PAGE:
the medical marijuana movement to take credit for the defeats, though,
but says the movement can take partial credit at best. A perusal
of press accounts of some of the campaigns shows that drug policy was not
a driving force in the races, and Gieringer agreed. "Medical marijuana
and drug enforcement were not defining issues in any of these campaigns,"
he said, "but they did influence certain voters."
The medical marijuana issue
certainly influenced voters in Humboldt County, said Marie Mills of the
Civil Liberties Monitoring Project (http://www.civilliberties.org),
a grassroots nonprofit set up to confront police injustices whose origins
lie in complaints from citizens about helicopter harassment from the annual
Campaign Against Marijuana Production, the harvest-time mass raids by Northern
California law enforcement. "It had a big part in the change," she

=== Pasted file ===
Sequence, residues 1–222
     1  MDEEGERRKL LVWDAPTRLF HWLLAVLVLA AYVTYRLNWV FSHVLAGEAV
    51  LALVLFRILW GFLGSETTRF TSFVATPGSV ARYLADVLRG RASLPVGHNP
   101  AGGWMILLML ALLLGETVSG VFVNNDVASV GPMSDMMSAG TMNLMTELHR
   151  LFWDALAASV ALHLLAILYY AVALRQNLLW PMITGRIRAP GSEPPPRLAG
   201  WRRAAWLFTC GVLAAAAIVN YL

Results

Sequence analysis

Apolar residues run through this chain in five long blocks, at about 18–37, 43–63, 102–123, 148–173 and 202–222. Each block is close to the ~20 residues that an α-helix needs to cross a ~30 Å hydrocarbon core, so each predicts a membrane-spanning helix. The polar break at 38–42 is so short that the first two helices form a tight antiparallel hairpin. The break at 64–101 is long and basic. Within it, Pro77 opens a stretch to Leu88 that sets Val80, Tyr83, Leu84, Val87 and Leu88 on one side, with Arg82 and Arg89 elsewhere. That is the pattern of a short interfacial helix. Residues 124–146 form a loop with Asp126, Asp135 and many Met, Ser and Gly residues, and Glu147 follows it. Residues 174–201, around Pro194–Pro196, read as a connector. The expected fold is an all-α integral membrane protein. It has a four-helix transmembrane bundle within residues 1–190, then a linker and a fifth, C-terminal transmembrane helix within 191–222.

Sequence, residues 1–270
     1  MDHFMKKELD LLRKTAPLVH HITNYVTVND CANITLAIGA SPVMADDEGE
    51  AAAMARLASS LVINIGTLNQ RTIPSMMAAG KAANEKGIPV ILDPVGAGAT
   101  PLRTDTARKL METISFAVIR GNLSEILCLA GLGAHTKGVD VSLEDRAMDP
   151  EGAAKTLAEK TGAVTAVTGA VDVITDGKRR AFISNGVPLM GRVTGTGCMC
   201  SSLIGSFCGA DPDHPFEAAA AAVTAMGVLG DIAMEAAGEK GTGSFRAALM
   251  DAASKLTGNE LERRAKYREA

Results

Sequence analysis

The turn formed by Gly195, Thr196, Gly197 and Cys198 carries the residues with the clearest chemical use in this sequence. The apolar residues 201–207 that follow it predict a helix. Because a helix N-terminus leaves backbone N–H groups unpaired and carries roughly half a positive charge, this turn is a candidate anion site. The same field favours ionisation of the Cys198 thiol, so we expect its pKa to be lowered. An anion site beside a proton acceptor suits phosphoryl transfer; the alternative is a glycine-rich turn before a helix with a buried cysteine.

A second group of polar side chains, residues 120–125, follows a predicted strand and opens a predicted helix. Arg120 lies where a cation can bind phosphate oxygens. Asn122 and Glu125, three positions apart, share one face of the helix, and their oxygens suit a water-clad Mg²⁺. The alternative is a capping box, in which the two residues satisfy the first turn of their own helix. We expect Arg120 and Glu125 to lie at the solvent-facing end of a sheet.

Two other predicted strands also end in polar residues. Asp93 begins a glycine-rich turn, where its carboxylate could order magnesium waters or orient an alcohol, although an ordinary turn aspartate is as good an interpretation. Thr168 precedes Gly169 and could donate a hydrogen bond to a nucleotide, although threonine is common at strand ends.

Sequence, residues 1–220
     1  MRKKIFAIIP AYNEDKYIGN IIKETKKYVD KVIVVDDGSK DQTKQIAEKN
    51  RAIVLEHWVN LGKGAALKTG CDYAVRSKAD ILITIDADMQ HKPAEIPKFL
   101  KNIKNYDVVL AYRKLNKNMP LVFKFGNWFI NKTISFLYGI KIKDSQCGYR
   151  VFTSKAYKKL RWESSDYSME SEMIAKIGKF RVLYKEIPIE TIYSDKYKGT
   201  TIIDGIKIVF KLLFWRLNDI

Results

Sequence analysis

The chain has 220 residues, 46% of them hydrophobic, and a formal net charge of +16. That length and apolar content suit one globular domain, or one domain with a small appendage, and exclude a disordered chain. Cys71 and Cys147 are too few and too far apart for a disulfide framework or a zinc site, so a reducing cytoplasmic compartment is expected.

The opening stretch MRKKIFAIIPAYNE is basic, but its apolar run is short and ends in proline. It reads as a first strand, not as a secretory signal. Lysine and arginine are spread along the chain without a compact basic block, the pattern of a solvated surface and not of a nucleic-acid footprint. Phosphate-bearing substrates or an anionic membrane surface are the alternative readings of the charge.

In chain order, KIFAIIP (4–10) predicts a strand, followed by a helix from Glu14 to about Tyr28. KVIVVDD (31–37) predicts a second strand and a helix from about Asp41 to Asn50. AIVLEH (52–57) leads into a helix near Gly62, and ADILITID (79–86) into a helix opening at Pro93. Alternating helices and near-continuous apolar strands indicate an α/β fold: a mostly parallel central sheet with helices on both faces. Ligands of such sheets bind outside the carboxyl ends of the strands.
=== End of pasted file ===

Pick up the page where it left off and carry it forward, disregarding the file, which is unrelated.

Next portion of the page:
told DRCNet. "The DA and the sheriff were refusing to enforce the
medical marijuana laws, and not only did that influence the election, in
southern Humboldt it brought out more people to vote."
Sheriff Lewis generated popular
resentment with his stand on marijuana, said Mills. "This is the
guy who turned in Dr. Tod Mikuriya to the medical board. This is
the guy who said he didn't want doctors coming to the area to recommend
medical marijuana. This is the guy who ran to the DEA when the judge
told him he had to give back somebody's medicine," said Mills. "This
is the guy who just got voted out of office."
"There has long been a feeling
that law enforcement up north has not been as liberal as the people who